The term “hypermedia,” on the other hand, more recently introduced, is nearly synonymous with “hypertext” but focuses on the nontextual components of hypertext, such as animation, recorded sound, and video. Hypermedia is the integration of graphics, sound, video, or any combination thereof into a primarily associative system of information storage and retrieval. Hypermedia, as well as hypertext, especially in an interactive format where choices are controlled by the user, is structured around the idea of offering a working and learning environment that parallels human thinking—that is, an environment that allows the user to make associations between topics rather than move sequentially from one to the next, as in an alphabetic list. Hypermedia, as well as hypertext topics, are thus linked in a manner that allows the user to jump from one subject to other related subjects during a search for information. Hyper-link information is contained within hypermedia and hypertext documents, which allow a user to move back to “original” or referring network sites by the mere “click” (i.e., with a mouse or other pointing device) of the hyperlinked topic.
A typical networked system that utilizes hypertext and hypermedia conventions follows a client/server architecture. The “client” is a member of a class or group that uses the services of another class or group to which it is not related. Thus, in computing, a client is a process (i.e., roughly a program or task) that requests a service provided by another program. The client process utilizes the requested service without having to “know” any working details about the other program or the service itself. In a client/server architecture, particularly a networked system, a client is usually a computer that accesses shared network resources provided by another computer (i.e., a server).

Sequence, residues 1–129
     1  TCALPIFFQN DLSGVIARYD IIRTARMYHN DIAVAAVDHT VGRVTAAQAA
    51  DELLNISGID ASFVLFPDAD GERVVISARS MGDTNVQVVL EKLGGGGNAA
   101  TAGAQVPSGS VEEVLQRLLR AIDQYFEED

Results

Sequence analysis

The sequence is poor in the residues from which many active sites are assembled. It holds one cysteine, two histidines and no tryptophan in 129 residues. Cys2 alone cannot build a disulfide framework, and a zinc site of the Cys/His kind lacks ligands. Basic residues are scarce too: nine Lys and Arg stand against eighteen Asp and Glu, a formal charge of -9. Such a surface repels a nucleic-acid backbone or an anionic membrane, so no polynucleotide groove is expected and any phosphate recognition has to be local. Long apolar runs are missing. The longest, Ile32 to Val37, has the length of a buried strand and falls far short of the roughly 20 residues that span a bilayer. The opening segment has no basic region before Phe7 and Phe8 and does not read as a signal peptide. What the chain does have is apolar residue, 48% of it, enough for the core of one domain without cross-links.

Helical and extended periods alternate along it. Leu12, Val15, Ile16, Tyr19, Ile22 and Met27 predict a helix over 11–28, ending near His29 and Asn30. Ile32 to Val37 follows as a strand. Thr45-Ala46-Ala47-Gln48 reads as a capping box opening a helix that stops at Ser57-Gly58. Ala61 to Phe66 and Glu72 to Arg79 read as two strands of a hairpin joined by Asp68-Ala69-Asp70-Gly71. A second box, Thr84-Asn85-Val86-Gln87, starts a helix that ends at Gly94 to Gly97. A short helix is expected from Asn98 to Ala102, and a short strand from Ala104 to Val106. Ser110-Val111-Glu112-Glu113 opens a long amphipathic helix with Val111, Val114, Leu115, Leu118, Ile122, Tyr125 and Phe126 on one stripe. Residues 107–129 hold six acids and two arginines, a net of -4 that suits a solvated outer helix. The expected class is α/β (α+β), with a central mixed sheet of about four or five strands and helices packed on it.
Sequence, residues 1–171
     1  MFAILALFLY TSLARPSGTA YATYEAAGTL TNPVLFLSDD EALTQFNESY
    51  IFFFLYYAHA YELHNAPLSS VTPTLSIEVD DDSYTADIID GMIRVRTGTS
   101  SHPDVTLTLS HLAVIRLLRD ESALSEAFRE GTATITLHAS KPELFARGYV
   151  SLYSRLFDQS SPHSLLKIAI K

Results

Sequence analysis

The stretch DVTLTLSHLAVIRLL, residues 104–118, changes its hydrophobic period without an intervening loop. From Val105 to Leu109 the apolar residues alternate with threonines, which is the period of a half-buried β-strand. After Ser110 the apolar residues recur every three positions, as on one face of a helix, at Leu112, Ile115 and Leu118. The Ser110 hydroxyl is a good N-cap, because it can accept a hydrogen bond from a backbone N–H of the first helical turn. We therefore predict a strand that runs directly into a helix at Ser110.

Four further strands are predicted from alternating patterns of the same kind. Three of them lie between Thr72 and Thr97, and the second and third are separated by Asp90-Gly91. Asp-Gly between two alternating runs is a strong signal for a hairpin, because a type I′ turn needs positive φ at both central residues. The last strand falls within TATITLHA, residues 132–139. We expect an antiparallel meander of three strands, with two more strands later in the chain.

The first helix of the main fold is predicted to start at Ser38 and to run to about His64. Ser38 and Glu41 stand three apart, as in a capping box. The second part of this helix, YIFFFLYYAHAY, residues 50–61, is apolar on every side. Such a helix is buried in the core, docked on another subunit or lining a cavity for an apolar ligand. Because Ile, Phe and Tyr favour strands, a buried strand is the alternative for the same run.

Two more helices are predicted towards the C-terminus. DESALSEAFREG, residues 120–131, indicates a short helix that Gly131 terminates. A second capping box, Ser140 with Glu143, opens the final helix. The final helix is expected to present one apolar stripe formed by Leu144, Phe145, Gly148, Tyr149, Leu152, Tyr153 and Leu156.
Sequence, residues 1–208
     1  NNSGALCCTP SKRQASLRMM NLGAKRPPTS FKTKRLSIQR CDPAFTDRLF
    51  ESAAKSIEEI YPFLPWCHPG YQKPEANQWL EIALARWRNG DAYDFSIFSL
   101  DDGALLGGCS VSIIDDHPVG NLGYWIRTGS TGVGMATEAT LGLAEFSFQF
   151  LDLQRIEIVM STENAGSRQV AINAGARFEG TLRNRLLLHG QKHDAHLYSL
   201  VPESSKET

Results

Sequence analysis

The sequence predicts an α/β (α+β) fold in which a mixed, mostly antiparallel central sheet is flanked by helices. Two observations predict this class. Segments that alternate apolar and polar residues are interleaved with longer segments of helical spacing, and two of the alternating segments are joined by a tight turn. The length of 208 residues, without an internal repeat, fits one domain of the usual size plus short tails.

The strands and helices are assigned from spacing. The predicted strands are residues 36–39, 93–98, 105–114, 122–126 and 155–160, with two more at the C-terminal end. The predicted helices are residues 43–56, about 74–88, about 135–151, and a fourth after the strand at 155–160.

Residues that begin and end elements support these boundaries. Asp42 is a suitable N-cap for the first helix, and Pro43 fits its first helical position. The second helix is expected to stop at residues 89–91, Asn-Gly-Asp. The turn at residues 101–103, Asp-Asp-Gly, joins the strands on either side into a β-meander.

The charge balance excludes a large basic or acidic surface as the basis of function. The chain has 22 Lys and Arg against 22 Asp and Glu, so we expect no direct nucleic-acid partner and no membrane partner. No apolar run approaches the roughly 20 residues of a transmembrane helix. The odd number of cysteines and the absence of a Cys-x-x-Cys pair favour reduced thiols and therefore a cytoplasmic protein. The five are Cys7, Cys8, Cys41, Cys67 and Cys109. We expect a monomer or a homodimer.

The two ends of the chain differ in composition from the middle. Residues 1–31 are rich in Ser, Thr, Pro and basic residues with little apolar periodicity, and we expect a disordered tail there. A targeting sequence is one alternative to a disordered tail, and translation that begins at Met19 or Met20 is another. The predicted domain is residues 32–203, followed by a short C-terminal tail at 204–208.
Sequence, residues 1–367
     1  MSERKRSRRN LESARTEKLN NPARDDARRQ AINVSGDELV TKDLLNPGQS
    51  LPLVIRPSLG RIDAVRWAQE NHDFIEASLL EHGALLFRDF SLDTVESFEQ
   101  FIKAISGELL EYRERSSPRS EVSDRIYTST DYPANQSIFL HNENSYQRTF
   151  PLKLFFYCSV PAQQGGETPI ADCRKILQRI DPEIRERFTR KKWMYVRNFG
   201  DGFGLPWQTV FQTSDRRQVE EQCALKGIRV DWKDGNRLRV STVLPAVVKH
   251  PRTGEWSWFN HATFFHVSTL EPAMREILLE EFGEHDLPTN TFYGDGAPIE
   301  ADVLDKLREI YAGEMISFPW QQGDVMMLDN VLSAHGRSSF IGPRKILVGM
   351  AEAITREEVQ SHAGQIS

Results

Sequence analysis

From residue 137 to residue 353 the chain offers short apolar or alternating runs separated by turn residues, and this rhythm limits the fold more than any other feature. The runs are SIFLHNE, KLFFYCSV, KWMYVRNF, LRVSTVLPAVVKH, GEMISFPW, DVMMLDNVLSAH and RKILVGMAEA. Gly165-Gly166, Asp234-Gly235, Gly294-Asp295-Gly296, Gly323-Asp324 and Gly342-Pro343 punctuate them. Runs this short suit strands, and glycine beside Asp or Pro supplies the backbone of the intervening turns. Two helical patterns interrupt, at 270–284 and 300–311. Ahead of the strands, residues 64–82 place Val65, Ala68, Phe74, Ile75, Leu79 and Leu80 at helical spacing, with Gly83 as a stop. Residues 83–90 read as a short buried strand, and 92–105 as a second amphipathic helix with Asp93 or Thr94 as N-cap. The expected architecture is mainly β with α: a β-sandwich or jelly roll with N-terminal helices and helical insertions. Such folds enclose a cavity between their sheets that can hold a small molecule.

A request by a user for news can be sent by a client application program to a server. A server is typically a remote computer system accessible over a remote network such as the Internet. The server scans and searches for raw (e.g., unprocessed) information sources (e.g., newswire feeds or newsgroups). Based upon such requests by the user, the server presents filtered electronic information as server responses to the client process. The client process may be active in a first computer system, and the server process may be active in a second computer system, communicating with one another over a communications medium, thus providing distributed functionality and allowing multiple clients to take advantage of the information-gathering capabilities of the server.